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Minerva Urologica e Nefrologica 2018 February;70(1):22-41

DOI: 10.23736/S0393-2249.17.02976-9


lingua: Inglese

Castration-resistance prostate cancer: what is in the pipeline?

Cosimo DE NUNZIO 1 , Fabrizio PRESICCE 1, Silvana GIACINTI 2, Maria BASSANELLI 2, 3, Andrea TUBARO 1

1 Department of Urology, Sant’Andrea Hospital, “Sapienza” University of Rome, Rome, Italy; 2 Department of Oncology, Sant’Andrea Hospital, “Sapienza” University of Rome, Rome, Italy; 3 Department of Oncology, San Camillo De Lellis Hospital, Rieti, Italy


INTRODUCTION: To evaluate the available evidence on the standard diagnosis and management of men with metastatic castration resistant prostate cancer (mCRPC), and providing the timely update on new pharmacological treatments.
EVIDENCE ACQUISITION: A systematic literature search from from January 2000 until March 2017 was performed by combining the following MESH terms: castrate resistant prostate cancer, abiraterone, enzalutamide, 223radium, sipuleucel-T, docetaxel, cabazitaxel, resistance mechanisms, resistance to androgen deprivation, androgen receptor (AR) mutations, amplifications, splice variants, and AR alterations. We followed the Preferred Reporting Items for Systematic Review and Meta-Analysis (PRISMA).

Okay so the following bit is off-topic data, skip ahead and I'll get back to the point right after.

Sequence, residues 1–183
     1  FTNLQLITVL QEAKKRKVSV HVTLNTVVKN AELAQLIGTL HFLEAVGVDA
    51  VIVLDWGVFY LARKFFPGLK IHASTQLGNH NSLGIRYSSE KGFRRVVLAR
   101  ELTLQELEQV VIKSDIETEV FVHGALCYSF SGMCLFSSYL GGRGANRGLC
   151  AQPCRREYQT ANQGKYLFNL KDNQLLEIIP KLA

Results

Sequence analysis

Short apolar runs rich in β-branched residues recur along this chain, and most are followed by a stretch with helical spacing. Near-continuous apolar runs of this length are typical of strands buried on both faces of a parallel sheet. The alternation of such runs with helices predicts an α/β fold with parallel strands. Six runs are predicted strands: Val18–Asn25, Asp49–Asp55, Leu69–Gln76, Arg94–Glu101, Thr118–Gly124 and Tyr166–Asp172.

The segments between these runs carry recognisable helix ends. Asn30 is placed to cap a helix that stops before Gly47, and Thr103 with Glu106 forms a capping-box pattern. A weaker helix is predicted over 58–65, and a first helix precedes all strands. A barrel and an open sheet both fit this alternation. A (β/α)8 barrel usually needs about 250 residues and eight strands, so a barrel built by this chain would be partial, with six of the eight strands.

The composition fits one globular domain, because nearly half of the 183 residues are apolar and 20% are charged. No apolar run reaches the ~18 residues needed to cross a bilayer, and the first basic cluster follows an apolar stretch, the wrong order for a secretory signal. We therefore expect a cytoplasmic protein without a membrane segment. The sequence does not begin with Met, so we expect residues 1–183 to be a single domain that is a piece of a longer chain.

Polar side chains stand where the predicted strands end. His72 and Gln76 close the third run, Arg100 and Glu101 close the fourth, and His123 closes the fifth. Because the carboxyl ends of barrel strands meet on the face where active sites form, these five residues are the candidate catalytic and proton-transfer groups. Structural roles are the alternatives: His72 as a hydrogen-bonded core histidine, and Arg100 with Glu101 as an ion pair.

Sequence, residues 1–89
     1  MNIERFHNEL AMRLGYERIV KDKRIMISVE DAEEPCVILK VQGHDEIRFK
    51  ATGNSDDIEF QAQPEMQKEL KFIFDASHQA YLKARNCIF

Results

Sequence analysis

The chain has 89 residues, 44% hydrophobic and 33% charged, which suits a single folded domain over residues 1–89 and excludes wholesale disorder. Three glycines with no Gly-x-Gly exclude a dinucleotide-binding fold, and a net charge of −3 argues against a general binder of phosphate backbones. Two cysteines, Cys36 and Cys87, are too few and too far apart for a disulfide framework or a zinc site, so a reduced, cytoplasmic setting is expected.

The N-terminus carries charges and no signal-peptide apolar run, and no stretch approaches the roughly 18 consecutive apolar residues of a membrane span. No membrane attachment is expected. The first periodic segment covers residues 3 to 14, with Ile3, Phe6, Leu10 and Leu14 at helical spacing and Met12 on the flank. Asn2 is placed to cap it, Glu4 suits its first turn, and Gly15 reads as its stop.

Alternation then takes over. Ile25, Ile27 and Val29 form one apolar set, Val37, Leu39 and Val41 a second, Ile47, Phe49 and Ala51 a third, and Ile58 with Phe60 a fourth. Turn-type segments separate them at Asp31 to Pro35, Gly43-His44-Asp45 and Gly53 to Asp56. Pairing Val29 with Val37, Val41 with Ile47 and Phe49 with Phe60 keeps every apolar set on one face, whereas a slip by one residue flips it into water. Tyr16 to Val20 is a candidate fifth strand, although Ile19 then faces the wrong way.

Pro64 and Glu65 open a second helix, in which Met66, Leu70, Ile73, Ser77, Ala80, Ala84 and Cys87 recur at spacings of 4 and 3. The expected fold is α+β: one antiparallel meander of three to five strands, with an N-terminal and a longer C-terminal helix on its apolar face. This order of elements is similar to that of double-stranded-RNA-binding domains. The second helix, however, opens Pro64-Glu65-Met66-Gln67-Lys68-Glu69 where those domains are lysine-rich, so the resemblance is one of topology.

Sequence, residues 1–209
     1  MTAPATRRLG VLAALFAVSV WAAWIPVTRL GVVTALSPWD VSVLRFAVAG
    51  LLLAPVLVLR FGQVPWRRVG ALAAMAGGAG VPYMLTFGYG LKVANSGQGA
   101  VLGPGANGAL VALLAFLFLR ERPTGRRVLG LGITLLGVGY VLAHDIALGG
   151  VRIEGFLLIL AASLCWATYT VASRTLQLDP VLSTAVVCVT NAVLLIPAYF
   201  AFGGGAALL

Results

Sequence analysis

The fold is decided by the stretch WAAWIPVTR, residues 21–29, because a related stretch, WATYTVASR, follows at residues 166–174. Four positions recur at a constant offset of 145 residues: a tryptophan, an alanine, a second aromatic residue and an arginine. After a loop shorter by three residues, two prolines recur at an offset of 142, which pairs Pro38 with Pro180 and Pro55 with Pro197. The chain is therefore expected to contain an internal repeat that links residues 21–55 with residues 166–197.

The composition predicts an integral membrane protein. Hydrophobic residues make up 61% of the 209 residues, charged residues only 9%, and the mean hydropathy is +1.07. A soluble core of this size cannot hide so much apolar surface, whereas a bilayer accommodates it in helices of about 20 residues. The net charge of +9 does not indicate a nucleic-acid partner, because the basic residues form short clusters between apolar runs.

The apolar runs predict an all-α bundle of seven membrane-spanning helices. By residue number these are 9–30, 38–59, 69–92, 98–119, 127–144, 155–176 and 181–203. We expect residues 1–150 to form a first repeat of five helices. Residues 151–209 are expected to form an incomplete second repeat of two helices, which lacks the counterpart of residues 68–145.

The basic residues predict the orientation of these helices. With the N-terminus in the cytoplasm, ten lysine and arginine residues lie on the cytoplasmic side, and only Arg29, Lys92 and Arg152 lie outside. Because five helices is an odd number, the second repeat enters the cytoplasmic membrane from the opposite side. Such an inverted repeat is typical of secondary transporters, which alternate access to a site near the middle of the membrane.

EVIDENCE SYNTHESIS: In the few last years the introduction of new treatment modalities as abiraterone or enzalutamide have significantly change our prospective in mCRPC management increasing patients survival and quality of life. The standard imaging modalities to define the presence of regional or distant metastasis or the different resistant mechanisms to the available treatments are still an issue of debate, however several studies are ongoing to define the standard of care and to reduce treatments’ resistance. Data from ongoing phase III trials are awaited to introduce in clinical new effective treatments that can be used in patients resistant to abiraterone/enzalutamide or more probably in a different phase of the disease.
CONCLUSIONS: Castration resistant prostate cancer is now the key issue in prostate cancer management and research. Our challenge in the near future will be to identify the right treatment or better the right combination and sequencing of treatments that should be used in patients with mCRPC or even with advanced prostate cancer.

KEY WORDS: Prostatic neoplasms, castration-resistant - Diagnosis - Drug therapy

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